Bischoff-Ferrari  HAGiovannucci  EWillett  WCDietrich  TDawson-Hughes  B Estimation of optimal serum concentrations of 25-hydroxyvitamin D for multiple health outcomes [printed correction appears in Am J Clin Nutr. 2006;84(5):1253]. Am J Clin Nutr 2006;84 (1) 18- 28
PubMed
Holick  MF Sunlight and vitamin D for bone health and prevention of autoimmune diseases, cancers, and cardiovascular disease. Am J Clin Nutr 2004;80 (6) ((suppl)) 1678S- 1688S
PubMed
West  ESSchein  OD Sunlight and age-related macular degeneration. Int Ophthalmol Clin 2005;45 (1) 41- 47
PubMed Link to Article
Hyman  LGLilienfeld  AMFerris  FL  IIIFine  SL Senile macular degeneration: a case-control study. Am J Epidemiol 1983;118 (2) 213- 227
PubMed
West  SKRosenthal  FSBressler  NM  et al.  Exposure to sunlight and other risk factors for age-related macular degeneration. Arch Ophthalmol 1989;107 (6) 875- 879
PubMed Link to Article
Taylor  HRMuñoz  BWest  SBressler  NMBressler  SBRosenthal  FS Visible light and risk of age-related macular degeneration. Trans Am Ophthalmol Soc 1990;88163- 178
PubMed
The Eye Disease Case-Control Study Group, Risk factors for neovascular age-related macular degeneration. Arch Ophthalmol 1992;110 (12) 1701- 1708
PubMed Link to Article
Cruickshanks  KJKlein  RKlein  BE Sunlight and age-related macular degeneration: the Beaver Dam Eye Study. Arch Ophthalmol 1993;111 (4) 514- 518
PubMed Link to Article
Darzins  PMitchell  PHeller  RF Sun exposure and age-related macular degeneration: an Australian case-control study. Ophthalmology 1997;104 (5) 770- 776
PubMed Link to Article
Age-Related Eye Disease Study Research Group, Risk factors associated with age-related macular degeneration: a case-control study in the age-related eye disease study: age-Related Eye Disease Study Report Number 3. Ophthalmology 2000;107 (12) 2224- 2232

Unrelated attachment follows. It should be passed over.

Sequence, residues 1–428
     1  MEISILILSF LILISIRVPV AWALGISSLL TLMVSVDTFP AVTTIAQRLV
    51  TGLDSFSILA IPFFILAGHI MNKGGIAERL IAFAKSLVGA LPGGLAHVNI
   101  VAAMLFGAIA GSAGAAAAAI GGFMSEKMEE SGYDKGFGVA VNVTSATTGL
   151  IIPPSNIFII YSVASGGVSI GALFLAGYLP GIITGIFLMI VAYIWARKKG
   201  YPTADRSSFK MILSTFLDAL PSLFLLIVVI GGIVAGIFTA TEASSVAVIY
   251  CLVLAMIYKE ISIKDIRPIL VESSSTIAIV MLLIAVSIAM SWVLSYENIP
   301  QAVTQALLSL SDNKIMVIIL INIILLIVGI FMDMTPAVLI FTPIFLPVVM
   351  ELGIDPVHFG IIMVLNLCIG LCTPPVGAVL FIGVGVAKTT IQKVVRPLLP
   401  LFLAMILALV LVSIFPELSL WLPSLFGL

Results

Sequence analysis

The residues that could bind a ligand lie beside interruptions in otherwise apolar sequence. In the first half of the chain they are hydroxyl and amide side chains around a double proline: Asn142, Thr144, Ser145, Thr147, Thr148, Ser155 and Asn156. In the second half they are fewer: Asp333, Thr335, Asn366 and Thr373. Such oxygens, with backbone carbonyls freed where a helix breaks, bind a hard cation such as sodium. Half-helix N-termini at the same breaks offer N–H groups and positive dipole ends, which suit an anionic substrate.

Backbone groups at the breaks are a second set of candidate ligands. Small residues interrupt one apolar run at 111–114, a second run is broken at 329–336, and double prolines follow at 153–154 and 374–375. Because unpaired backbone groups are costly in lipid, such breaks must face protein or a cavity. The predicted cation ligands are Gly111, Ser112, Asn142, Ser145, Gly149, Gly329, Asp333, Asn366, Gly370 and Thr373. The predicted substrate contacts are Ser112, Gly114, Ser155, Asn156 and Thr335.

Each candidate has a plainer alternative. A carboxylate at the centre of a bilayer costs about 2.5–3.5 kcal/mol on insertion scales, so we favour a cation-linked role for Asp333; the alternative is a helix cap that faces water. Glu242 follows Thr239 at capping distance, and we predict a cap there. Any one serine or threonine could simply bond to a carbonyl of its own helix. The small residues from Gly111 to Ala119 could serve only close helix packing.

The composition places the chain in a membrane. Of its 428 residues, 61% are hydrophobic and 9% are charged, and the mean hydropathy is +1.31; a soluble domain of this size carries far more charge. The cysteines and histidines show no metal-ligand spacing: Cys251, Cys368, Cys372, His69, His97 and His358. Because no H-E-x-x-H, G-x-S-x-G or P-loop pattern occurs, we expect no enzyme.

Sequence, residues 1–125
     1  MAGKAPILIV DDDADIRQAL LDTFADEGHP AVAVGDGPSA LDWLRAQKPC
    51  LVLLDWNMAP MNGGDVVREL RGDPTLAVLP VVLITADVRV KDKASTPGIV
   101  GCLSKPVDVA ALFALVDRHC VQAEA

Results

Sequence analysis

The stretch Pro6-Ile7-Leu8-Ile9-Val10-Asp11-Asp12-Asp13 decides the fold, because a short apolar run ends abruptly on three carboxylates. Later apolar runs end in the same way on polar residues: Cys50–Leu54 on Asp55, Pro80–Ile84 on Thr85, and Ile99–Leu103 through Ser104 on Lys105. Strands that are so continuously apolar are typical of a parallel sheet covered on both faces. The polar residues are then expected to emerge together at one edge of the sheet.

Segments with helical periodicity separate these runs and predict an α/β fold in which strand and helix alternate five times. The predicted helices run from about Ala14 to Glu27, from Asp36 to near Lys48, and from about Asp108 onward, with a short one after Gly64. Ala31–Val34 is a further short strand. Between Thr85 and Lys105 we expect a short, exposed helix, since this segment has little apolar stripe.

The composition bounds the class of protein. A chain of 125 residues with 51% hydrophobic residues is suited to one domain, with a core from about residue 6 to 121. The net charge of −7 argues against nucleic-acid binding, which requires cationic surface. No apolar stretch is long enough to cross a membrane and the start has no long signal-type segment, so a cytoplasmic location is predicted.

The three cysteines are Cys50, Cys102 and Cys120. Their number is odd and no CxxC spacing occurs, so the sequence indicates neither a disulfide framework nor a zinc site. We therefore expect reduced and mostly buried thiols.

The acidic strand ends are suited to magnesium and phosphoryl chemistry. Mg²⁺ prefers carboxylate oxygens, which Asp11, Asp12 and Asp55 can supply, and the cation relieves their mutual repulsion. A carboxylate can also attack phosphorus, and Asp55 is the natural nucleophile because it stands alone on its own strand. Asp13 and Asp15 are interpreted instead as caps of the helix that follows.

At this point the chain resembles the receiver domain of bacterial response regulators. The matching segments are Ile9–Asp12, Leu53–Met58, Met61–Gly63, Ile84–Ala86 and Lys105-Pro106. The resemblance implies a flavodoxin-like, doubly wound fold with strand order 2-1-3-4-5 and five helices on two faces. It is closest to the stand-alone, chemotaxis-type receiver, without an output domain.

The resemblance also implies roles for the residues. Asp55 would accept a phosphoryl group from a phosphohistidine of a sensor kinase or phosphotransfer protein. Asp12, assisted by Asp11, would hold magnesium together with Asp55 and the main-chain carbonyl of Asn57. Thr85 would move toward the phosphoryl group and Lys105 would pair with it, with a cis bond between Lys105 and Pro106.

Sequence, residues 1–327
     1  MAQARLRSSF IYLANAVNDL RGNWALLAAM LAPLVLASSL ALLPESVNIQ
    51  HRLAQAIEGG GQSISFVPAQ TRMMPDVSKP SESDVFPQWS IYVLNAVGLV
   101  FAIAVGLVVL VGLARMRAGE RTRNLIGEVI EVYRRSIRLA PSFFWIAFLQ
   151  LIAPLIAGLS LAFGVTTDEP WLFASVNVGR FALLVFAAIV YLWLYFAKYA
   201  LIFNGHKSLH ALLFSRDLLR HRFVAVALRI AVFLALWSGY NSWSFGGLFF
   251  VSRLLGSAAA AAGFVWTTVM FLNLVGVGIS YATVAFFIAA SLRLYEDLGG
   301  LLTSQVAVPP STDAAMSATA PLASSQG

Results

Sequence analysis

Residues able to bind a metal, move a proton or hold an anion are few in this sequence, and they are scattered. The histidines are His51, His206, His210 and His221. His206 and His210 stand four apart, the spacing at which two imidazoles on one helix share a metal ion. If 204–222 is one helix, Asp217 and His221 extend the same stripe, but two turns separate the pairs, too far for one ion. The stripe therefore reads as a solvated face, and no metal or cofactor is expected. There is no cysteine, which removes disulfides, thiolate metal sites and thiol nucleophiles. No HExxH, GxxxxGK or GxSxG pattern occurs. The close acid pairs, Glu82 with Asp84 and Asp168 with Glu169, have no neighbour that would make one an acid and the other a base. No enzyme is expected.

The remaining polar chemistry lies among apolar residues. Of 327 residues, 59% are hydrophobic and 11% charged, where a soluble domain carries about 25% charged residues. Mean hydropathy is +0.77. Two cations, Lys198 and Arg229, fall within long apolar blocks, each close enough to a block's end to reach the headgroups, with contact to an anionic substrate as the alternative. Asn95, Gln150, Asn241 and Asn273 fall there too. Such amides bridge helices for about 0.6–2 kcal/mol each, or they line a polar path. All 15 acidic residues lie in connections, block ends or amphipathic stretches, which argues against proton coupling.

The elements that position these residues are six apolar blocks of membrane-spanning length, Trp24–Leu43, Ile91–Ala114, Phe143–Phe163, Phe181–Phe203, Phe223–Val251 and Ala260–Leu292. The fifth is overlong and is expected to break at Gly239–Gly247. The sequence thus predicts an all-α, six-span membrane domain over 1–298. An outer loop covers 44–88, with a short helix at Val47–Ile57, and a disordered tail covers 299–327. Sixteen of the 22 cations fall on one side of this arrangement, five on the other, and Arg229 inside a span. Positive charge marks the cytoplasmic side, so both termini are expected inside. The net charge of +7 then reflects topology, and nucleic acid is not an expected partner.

PubMed Link to Article
Delcourt  CCarrière  IPonton-Sanchez  AFourrey  SLacroux  APapoz  LPOLA Study Group, Light exposure and the risk of age-related macular degeneration: the Pathologies Oculaires Liées à l’Age (POLA) study. Arch Ophthalmol 2001;119 (10) 1463- 1468
PubMed Link to Article
McCarty  CAMukesh  BNFu  CLMitchell  PWang  JJTaylor  HR Risk factors for age-related maculopathy: the Visual Impairment Project. Arch Ophthalmol 2001;119 (10) 1455- 1462
PubMed Link to Article
Tomany  SCCruickshanks  KJKlein  RKlein  BEKnudtson  MD Sunlight and the 10-year incidence of age-related maculopathy: the Beaver Dam Eye Study. Arch Ophthalmol 2004;122 (5) 750- 757
PubMed Link to Article
Khan  JCShahid  HThurlby  DA  et al. Genetic Factors in AMD Study, Age related macular degeneration and sun exposure, iris colour, and skin sensitivity to sunlight. Br J Ophthalmol 2006;90 (1) 29- 32
PubMed Link to Article
Fletcher  AEBentham  GCAgnew  M  et al.  Sunlight exposure, antioxidants, and age-related macular degeneration. Arch Ophthalmol 2008;126 (10) 1396- 1403
PubMed Link to Article